Rabbett Before Horses Strickland is the Keith Richards of oil painting. At least that’s what the 70-year-old artist tells me with a laugh, which feels pretty spot-on given his rock-and-roll persona. His career spans 57 years, despite a lack of formal training or active self-promotion. He’s almost entirely cut off from technology. He typically paints larger-than-life eight-by-12-foot canvases that can be intimidating, even for avid collectors. He gets bored of his own paintings and shifts his focus to theoretical mathematics or jazz composition, just to keep things interesting. “I like concepts that are simply stated but hard to solve,” he explains.
Strickland paints every day in his secluded trailer just outside Bayfield, Wisconsin. He works only during the day, when natural light pours in so he gets the most accurate coloration of the paints he mixes himself. Vibrant hues of gold, fuchsia and indigo give life to the ancient Ojibwe narrative of Nanabozho, a cultural hero who takes the form of half rabbit, half man and is in all of Strickland’s paintings. The mythical character lives outside of time and place, outside of cultural precedent. He embodies all the potential of human and demigod because he sees all. Sometimes Nanabozho is a subtle stroke in a broadly painted landscape. But more often, he is front and center, like in Strickland’s most recent work, where the figure lures geese into a closed-eye dance so he can kill and eat them.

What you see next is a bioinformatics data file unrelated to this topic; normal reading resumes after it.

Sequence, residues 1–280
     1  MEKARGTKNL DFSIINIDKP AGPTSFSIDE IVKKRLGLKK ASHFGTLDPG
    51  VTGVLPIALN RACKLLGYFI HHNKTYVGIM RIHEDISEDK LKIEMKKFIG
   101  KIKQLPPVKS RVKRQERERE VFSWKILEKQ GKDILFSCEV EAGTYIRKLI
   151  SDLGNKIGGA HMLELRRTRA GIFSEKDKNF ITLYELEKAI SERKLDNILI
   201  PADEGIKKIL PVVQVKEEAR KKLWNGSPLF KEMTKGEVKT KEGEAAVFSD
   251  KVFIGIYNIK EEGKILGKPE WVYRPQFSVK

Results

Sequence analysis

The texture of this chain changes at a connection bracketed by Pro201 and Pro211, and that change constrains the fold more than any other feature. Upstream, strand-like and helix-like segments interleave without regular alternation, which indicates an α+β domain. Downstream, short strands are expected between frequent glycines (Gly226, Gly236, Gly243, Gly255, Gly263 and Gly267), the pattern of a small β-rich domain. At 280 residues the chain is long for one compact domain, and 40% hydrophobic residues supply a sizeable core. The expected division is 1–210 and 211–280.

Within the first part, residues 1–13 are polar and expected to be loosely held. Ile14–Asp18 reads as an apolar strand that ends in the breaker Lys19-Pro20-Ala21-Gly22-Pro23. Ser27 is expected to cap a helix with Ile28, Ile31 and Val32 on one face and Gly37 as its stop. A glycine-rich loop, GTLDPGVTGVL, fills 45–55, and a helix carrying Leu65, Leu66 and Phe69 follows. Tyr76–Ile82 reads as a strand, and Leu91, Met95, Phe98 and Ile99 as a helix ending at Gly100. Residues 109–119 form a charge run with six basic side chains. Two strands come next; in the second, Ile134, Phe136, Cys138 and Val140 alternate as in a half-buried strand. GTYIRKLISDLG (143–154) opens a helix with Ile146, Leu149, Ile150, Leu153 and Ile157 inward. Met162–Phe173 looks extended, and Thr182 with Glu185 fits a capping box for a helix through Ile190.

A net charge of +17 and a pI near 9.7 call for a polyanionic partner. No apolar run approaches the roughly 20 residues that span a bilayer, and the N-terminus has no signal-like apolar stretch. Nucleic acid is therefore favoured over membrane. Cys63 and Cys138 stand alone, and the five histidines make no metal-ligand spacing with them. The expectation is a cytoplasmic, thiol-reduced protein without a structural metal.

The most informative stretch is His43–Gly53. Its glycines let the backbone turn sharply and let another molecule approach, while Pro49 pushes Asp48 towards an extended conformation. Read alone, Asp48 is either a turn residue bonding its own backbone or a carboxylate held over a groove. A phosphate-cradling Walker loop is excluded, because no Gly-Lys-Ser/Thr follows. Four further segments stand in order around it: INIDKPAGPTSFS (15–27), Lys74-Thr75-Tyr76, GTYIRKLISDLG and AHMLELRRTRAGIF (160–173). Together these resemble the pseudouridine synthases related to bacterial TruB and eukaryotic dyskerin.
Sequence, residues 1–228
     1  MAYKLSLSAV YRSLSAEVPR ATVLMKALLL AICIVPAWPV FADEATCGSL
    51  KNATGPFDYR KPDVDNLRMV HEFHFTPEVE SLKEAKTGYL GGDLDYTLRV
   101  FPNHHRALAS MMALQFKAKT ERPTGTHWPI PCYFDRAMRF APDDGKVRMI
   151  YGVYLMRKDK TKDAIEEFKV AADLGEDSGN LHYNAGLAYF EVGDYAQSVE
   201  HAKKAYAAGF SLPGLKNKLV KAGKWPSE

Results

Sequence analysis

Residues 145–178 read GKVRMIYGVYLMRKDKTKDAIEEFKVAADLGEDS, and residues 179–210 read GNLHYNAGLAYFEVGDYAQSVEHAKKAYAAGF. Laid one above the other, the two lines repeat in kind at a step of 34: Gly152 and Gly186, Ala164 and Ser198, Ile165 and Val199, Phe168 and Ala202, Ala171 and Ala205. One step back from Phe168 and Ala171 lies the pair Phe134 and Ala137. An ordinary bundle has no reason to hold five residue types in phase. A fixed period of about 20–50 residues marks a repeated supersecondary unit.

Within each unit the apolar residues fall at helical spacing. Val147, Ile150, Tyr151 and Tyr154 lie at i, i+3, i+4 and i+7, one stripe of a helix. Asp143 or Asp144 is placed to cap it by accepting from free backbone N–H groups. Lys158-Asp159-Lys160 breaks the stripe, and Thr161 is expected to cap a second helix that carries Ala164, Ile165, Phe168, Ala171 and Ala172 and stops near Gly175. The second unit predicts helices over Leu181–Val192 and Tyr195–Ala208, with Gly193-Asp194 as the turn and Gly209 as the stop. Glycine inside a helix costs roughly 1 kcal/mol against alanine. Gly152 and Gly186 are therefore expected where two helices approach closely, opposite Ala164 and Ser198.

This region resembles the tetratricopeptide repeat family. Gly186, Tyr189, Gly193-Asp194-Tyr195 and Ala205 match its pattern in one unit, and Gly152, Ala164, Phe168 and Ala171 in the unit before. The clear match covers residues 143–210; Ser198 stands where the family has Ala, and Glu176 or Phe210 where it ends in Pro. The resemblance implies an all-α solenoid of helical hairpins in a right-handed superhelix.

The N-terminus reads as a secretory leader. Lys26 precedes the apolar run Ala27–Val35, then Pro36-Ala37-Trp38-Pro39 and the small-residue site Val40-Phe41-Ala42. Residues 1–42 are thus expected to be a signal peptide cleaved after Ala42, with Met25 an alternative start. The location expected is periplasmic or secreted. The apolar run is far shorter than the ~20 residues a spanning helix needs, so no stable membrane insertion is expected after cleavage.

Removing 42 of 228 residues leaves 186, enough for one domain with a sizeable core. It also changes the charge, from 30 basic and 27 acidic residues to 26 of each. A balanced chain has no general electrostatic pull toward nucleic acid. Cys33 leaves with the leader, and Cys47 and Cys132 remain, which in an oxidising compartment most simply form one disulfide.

While Nanabozho’s being is complex, it’s the stories and embellishments that Strickland most enjoys. But he doesn’t simply translate Ojibwe tales to large-scale canvas. “Rabbett identifies with this character and reinterprets the stories as if they were history,” explains Ken Bloom, former director of the University of Minnesota Duluth’s Tweed Museum of Art, where Strickland’s work is on display. “Then he relates it from the standpoint of his own individual politics, perceptions and sense of spirituality.”
The intricate nature of Strickland’s work was encouraged at an early age as he grew up surrounded by artists. “My mother, aunts and uncles were all painters,” he explains. But while they focused on landscapes and portraits, he began painting images from Greek mythology. His compositions today still reflect Baroque and Renaissance influences but skew wildly contemporary in content.
“Rabbett is not a trained painter, so he doesn’t paint in a classical Western way,” notes Bloom. “He has a capacity to represent his imagination in real forms. It’s an extraordinary talent; it’s the wish of every artist.”